James Emejo interrogates the variables that had continued to fuel inflation as well as possible policy options to weaken the upward trajectory witnessed in the past consecutive months
No doubt, the economy has continued to groan under inflationary concerns which had thrown a spanner in the wheels of both monetary and fiscal policy
The impact of the rising headline index cannot be underestimated particularly in macroeconomic analysis.
It is noteworthy that inflation is major culprit behind some of the macroeconomic policy shortfalls witnessed in recent times.
Until recently, rising inflation had made it difficult for the monetary authority to lower the monetary policy rate (MPR) amidst high cost of funds.
Among other things, inflation which is part of the convergence criteria for the ECOWAS single currency programme had also posed significant challenge towards achieving the milestone due to its upward trajectory among countries within the region.
Also, rising inflation particularly during the COVID-19 pandemic as well as impending economic recession further constitute a nightmare for policy makers who have had to contend with stabilising prices and boost output among other pressing decisions.
Yet, the threat of inflation persists in the economy.
According to the National Bureau of Statistics (NBS)
consumer price index (CPI) which measures inflation increased to 12.82 per cent (year-on-year) in July compared to 12.56 per cent in the preceding month, according to the National Bureau of Statistics (NBS), representing the highest rate in 29 months while annual inflation rate rose for the 11th consecutive month in July.
The composite food index increased to 15.48 per cent in July 2020 compared to 15.18 per cent in June in the review period.
The rise in the food index was caused by increases in prices of bread and cereals, potatoes, yam and other tubers, meat, fruits, oils and fats, and fish.
On the other hand, core inflation, which excludes the prices of volatile agricultural produce stood at 10.10 per cent in July, down by 0.03 per cent when compared with 10.13 per cent recorded in June.
Core inflation was fueled by the highest increases in prices of medical services, passenger transport by air, pharmaceutical products, hospital services, passenger transport by road, maintenance and repair of
personal transport equipment, paramedical services and vehicle spare parts.
The uptick is a setback for monetary policy which had only managed to curtail its rise for a few consecutive months before a rebound that had seen inflation again on an upward trajectory in recent times.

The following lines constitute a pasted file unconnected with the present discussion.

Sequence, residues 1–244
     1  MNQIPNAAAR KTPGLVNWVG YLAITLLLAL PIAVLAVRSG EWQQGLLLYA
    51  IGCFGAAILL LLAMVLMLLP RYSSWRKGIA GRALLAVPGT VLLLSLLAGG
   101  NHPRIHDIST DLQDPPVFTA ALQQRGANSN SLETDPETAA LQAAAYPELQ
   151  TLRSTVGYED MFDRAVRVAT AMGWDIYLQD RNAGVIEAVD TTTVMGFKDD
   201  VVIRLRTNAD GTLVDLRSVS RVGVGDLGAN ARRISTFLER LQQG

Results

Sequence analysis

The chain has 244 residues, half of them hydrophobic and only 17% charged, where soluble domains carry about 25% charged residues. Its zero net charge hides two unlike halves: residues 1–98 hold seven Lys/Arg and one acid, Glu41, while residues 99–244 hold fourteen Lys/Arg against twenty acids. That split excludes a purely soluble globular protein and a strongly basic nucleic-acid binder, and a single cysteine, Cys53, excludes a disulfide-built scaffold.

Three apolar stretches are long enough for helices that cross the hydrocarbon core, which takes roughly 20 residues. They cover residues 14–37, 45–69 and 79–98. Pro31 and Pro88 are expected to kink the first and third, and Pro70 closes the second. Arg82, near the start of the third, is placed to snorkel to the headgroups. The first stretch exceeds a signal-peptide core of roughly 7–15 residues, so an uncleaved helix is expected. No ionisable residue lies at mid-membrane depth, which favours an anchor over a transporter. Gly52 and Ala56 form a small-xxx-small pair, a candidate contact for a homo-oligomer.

The Central Bank of Nigeria (CBN), which has the mandate to stabilise prices, had set an inflation target of about six per cent to nine per cent in its current five-year roadmap.
The MPR, which is the rate at which the apex bank lends to commercial banks is currently at 12.5 per cent, above inflation rate, a situation which economic analysts are not comfortable with.
In his personal statements during the recent Monetary Policy Committee (MPC) meeting in July, CBN Governor, Mr. Godwin Emefiele, noted that the rising inflationary trend had begun in September 2019 due to structural factors aggravated by the pandemic-derived supply shocks.
Emefiele said inflation was partly attributable to the lingering effects of disruptions and challenges around agricultural belts, and infrastructural complications, which were aggravated by COVID-19 setbacks to interstate distribution network.
Emefiele, however, noted that the spill- over effects of these adverse impulses were expected to persist in the short-term and abet inflation inertia for much of 2020.
Also, a member of the MPC, Adamu Lametek, said the depreciation pressure on the naira exchange rate combined with upward trending inflation creates complexity for monetary policy at a time when economic activity requires a boost.
He said: “This complexity calls for a cautious
approach that is underpinned by instrument diversity” adding that the CBN’s interventions in the real sector had remained robust and well-tailored to deliver speed in employment elastic sectors including agriculture, manufacturing and solid minerals.
However, according to a report by SB Morgen Intelligence , the country’s headline index was largely influenced by foreign exchange controls.
It stated: “A major reason for this high inflation is the unending quest to defend the value of the Naira. To control dollar demand following the crash of oil prices, the CBN banned 41 items from accessing foreign exchange in June 2015. Several capital controls were also put in place to prevent foreign exchange leaving the country.
“This widened the gap between the official rate and the parallel market rate, which was nearly 200 Naira at one point in 2017. It also had the effect of driving away investment, and tipped the country into recession. In addition, land borders have been closed since October 2019, further strangling trade, a sector that is the
second largest employer of labour in Nigeria.”
Moreover, in its Monthly Economic Update for July, the Financial Derivatives Company (FDC) associated the current inflationary pressures with the over 20.4 per cent increase in fuel price.
It stated: “Food inflation to inch-up in spite of the harvest. Food inflation is expected to continue its rising trend, albeit at a slower pace of 0.02 per cent to 15.20 per cent. This is because of the impact of the prevailing supply chain disruptions, Third Main-
land Bridge closure and PMS price hike. This will further reduce consumer purchasing power and lower aggregate demand.
“However, the harvest season could slow down the pace of increase in food inflation rate.